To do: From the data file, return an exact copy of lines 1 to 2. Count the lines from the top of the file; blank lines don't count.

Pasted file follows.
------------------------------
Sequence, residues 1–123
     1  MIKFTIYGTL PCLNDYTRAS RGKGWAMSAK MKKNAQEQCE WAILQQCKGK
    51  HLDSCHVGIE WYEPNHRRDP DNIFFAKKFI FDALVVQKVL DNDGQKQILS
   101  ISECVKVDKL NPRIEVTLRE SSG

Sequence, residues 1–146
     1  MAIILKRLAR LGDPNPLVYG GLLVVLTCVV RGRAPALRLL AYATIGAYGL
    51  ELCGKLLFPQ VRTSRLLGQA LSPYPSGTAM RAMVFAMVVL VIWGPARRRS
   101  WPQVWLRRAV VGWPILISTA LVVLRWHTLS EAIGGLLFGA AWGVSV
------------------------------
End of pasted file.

Sequence, residues 1–123
     1  MIKFTIYGTL PCLNDYTRAS RGKGWAMSAK MKKNAQEQCE WAILQQCKGK